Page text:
Some Christians from the town of Maaloula, for example, still speak a form of the otherwise extinct Aramaic, the language of Jesus and his followers.

The tradition has it that Paul of Tarsus established the first organized Christian church at Antioch in ancient Syria; while the head of John the Baptist was believed to be housed in the world-famous Umayyad Mosque (one of the major historic sites that suffered major damage during the fighting). Syria is virtually overflowing with World Heritage Sites, many of which have suffered and will continue to suffer damage due to the ongoing warfare.

Last year, sources inside the Syrian Orthodox Church had reported an “ongoing ethnic cleansing of Christians” being carried out by the Free Syrian Army rebels (a proxy militia backed by the Gulf States, the United States and the West), with claims that over 90% of the Christians of Homs had been expelled by militant Islamist Farouq Brigades going door to door and forcing Christians to flee without their belongings, then confiscating their homes.

These alleged acts were carried out NOT by the so-called ‘ISIS’ terror group, but by the supposedly ‘moderate’ Free Syrian Army championed by Western and international backers.

The Christian population of Homs had dropped from an estimated total of 160,000 before the war to about 1,000. Some have made ominous “Kristallnacht” comparisons to the Nazis seizure of Jewish property; another apt analogy that came to mind for me was the Catholic Church’s medieval persecution and slaughter of several early Christian communities in Europe, particularly the Cathars in France, who wouldn’t subscribe to the dictates of the Holy Roman Church.

The ‘Crisis of Christianity in the Middle East’ is rightly being made much of; but it is worth putting these events in their proper context.

Beginning with correcting the false premise that ‘Islam’ and ‘Christianity’ cannot co-exist or that Islam somehow sees Christianity as an enemy. In reality, the collapse of inter-faith harmony in the Middle East doesn’t have its primary basis in religion, but is part of the broader collapse of the Middle Eastern cultural and socio-political fabric, primarily following the invasion of Iraq and expanded by the covert war on Syria.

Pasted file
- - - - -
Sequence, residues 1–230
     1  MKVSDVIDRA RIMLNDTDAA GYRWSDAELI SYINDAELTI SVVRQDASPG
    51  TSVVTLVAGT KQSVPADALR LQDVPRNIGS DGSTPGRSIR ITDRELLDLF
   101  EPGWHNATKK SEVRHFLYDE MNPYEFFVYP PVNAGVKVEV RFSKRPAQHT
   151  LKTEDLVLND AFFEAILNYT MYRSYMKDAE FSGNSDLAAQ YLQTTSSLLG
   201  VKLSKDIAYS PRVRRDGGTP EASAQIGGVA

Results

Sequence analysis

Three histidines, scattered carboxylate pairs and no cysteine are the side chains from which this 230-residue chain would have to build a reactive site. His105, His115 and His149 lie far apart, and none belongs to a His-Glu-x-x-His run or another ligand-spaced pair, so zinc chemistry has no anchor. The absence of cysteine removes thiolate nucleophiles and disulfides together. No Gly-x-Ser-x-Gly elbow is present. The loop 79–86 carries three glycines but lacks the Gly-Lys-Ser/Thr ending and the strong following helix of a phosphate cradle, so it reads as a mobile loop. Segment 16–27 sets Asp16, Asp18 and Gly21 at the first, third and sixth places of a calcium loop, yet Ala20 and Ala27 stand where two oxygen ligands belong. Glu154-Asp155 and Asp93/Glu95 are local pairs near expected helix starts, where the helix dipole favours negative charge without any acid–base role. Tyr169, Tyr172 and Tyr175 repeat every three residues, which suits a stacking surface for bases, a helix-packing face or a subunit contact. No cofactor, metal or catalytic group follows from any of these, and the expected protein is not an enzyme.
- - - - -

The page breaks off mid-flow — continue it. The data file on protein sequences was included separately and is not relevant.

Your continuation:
In 2003, before the US-led invasion happened, there were an estimated 1.5 million Christians living in Iraq. Today, experts say, there are fewer than 400,000.

The ISIS rampage through Iraq’s Nineveh plains forced an exodus of the Chaldean Christians and other minorities from areas in which they had co-existed for nearly 2,000 years. Attacks targeting Christian communities across the region were substantial, including in Baghdad and Mosul, the persecution of Egyptian Copts in post-Mubbarak Egypt, the occupation of the ancient Christian town of Maaloula by the Western-backed Al-Qaeda affiliate in Syria, and the mass eviction of Christians from their homelands in Nineveh in Iraq.

Propagandists love to spin those events as indicative of some kind of prevalent Islamic attitude towards Christians: this, however, isn’t borne out by history in general, particularly the twentieth century. The No.1 reason for the societal/cultural fragmentation and collapse in the Middle East is the sudden collapse – in just a few years – of the secular, Arab Nationalism that defined states such as Iraq, Syria and Libya prior to war or foreign intervention.